The Star Early Edition
Anchor has the potential to recover
THE MARKET did not enjoy the last set of results published by Anchor Group in August, 2017. The graph of the past two years’ share price is also not a pretty picture – only going one way, and it is not up. In November, 2015, the share price reached almost R18, and today it is below R5.
Investment houses are usually highly correlated with the stock market in general, since their income is typically a percentage of assets under management, and often also performance fees, and if the market drops the assets are less.
Of course, this can be countered by inflows of funds and gaining market share. Most investment houses listed on the JSE did not do much in the past two years, because the markets moved sideways.
Furthermore, if investors are of the opinion that market valuations are very high, and there is a collective feeling that the market can drop in the near future, this can also be reflected in the share price of an investment house.
This is why companies such as Peregrine, Sasfin and Anchor are trading at quite low multiples. With the sword of downgrades and a possible adverse effect on local businesses, the sentiment is not positively inclined towards local investment houses.
Anchor is still a relatively young company, but they have an impressive team of seasoned analyst and investment managers. It has in a short period firmly established itself as one of the leading private client asset managers in South Africa and is investing heavily in growing its institutional business.
Anchor began managing assets in 2012 and had grown rapidly to reach assets under management and advice on June 30, 2017, of R49.4 billion. These are primarily private client and retail assets, with recent growth in the corporate and institutional markets. Anchor runs segregated portfolios, both locally and internationally, and has a series of funds in both the collective investment scheme (unit trust) and hedge fund categories.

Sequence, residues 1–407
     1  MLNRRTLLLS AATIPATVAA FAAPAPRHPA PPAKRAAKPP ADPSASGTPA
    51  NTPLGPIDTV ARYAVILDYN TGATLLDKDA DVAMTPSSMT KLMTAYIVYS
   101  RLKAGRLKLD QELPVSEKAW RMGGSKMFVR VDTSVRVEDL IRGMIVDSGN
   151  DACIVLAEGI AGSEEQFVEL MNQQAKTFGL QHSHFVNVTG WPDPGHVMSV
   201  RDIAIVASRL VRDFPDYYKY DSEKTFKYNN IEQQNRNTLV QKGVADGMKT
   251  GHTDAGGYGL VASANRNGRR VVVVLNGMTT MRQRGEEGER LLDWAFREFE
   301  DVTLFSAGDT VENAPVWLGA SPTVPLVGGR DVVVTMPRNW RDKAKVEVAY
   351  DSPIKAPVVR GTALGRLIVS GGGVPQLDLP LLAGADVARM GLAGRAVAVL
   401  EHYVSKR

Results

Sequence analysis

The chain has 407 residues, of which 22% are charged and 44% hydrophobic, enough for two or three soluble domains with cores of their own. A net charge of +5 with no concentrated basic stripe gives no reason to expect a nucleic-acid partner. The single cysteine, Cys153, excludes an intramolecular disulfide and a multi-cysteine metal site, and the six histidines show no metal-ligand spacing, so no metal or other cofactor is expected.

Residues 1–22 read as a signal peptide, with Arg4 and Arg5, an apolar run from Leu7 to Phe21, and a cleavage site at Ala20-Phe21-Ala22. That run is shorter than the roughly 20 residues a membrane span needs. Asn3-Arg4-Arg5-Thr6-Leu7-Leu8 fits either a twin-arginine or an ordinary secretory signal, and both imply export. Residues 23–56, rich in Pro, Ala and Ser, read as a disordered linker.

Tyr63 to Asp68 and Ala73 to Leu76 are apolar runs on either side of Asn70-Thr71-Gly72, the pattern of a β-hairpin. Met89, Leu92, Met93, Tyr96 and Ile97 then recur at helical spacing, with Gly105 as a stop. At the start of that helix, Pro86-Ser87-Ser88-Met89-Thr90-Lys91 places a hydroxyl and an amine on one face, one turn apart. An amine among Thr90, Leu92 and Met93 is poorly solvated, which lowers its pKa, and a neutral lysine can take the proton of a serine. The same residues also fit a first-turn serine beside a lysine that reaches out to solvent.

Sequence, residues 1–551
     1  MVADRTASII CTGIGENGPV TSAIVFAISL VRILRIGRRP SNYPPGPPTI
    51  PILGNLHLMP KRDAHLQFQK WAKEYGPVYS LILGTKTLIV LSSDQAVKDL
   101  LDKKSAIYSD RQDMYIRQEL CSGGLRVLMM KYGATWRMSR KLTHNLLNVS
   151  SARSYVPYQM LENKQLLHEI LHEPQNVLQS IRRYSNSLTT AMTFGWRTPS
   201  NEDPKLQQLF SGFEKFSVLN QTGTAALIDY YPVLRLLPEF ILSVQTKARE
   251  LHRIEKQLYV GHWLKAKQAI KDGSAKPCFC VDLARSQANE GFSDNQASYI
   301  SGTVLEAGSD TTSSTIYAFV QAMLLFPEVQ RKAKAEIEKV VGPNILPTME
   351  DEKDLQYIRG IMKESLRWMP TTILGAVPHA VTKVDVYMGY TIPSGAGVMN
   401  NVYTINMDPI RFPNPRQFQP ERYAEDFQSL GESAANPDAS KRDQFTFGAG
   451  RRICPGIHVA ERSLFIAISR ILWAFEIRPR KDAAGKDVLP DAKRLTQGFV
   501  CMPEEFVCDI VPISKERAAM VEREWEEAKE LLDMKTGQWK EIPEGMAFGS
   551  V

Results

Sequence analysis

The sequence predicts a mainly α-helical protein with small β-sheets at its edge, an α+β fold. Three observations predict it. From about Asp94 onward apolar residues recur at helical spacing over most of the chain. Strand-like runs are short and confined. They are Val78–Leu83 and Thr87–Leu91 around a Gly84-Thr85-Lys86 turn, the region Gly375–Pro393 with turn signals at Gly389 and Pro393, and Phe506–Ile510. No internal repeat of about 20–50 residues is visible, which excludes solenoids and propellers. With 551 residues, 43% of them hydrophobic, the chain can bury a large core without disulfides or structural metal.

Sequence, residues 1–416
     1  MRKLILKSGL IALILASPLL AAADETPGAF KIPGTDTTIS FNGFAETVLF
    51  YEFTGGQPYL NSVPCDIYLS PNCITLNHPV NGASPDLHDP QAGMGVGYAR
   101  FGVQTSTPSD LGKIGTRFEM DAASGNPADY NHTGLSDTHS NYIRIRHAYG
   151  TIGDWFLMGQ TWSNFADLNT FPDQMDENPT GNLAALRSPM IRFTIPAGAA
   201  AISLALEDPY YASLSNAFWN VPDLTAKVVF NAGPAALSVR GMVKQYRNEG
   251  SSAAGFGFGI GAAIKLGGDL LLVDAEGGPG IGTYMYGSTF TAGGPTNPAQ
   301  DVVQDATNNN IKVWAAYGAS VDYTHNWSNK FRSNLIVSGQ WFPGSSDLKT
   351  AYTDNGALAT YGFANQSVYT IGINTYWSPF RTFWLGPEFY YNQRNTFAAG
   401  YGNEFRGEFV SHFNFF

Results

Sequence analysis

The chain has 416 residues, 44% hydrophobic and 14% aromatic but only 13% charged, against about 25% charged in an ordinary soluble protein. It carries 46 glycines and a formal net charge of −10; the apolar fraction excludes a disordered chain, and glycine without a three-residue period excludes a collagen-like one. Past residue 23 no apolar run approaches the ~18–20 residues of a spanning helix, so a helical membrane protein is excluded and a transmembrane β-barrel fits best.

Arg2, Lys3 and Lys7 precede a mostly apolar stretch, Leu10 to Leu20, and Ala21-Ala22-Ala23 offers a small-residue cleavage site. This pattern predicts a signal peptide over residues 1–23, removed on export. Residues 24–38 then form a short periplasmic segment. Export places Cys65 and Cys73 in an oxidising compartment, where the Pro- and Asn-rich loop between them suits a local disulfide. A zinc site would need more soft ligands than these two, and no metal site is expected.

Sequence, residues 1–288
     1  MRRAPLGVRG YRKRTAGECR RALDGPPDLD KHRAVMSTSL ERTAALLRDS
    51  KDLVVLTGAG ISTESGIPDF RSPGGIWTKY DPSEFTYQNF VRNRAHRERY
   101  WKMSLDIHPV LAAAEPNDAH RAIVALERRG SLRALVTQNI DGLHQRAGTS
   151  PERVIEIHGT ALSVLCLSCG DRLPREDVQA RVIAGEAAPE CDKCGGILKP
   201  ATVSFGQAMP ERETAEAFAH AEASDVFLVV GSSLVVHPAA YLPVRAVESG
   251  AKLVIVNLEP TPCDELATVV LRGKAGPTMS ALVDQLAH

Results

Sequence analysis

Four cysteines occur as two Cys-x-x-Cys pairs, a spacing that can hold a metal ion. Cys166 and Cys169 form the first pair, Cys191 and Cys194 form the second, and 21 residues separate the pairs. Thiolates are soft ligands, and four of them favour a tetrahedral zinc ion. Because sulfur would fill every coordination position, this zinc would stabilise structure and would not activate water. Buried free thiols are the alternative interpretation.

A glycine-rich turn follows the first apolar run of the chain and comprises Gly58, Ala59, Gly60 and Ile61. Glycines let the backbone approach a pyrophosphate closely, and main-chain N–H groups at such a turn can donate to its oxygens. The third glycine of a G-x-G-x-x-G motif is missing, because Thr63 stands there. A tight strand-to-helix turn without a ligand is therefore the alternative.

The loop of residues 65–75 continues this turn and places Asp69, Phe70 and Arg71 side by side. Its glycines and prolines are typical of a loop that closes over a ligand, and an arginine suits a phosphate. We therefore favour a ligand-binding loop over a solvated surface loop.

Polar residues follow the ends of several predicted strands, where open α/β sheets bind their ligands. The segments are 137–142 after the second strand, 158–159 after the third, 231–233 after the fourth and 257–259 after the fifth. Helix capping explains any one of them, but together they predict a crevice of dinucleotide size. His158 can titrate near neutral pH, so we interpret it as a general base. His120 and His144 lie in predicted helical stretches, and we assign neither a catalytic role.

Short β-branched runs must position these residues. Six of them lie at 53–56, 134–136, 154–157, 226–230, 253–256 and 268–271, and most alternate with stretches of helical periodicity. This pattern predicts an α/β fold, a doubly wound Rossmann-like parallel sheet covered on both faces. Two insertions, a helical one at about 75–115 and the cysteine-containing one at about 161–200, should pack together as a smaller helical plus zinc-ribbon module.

The long-term strategy of Anchor is to become a major player in South African asset management, with an increasing focus on offshore investment.
Assets under management and advice grew by 8 percent to R49.4bn, but headline earnings a share were down 39 percent to 22 cents a share. Anchor drew in an impressive 500 high net worth clients over the six-month period.
In an interview with Giulietta Talevi of Business Day TV the highly regarded chief executive of Anchor, Peter Armitage, was asked whether he was confident of attracting more assets.
“There are different parts to the business – equities, fixed income and offshore, and the offshore part of our business is growing very nicely. The difficult part has been domestic equities – if you look at the past 18 months of the market, you’ve had quite a rare combination of circumstances where domestic conditions and hence domestic equities have done quite poorly, and you’ve also had a stronger currency.
“Usually, when the one happens, the currency weakens and then that alleviates it. If things continue to get tough here and we go the wrong way politically, you’ll probably see the currency weaken, which would give people a rand return. No matter what the conditions are, there are always different things in which to invest and make money. If you’ve got a distribution capability and a force out there of people on the ground, you can raise assets.”
Last week, Anchor announced that they broke through R50bn of total assets after just more than five years of operation. Total assets at September 30 were R52.7bn.
All of the growth in assets in 2017 were of an organic nature. Increasing brand presence, sustained positive investment performance and intensive sales initiatives have resulted in a promising new pipeline.
From its inception, Anchor has always invested meaningfully in a high-quality investment process, with the backbone of a great investment team. This investment is producing results, and the company is developing a very credible track record.
The Anchor BCI Equity Fund is in the top-performing funds in SA in its category over three and four years. And I think the share price has the potential to recover – maybe not to its previous glory soon, but over time. At 490c it is a steal.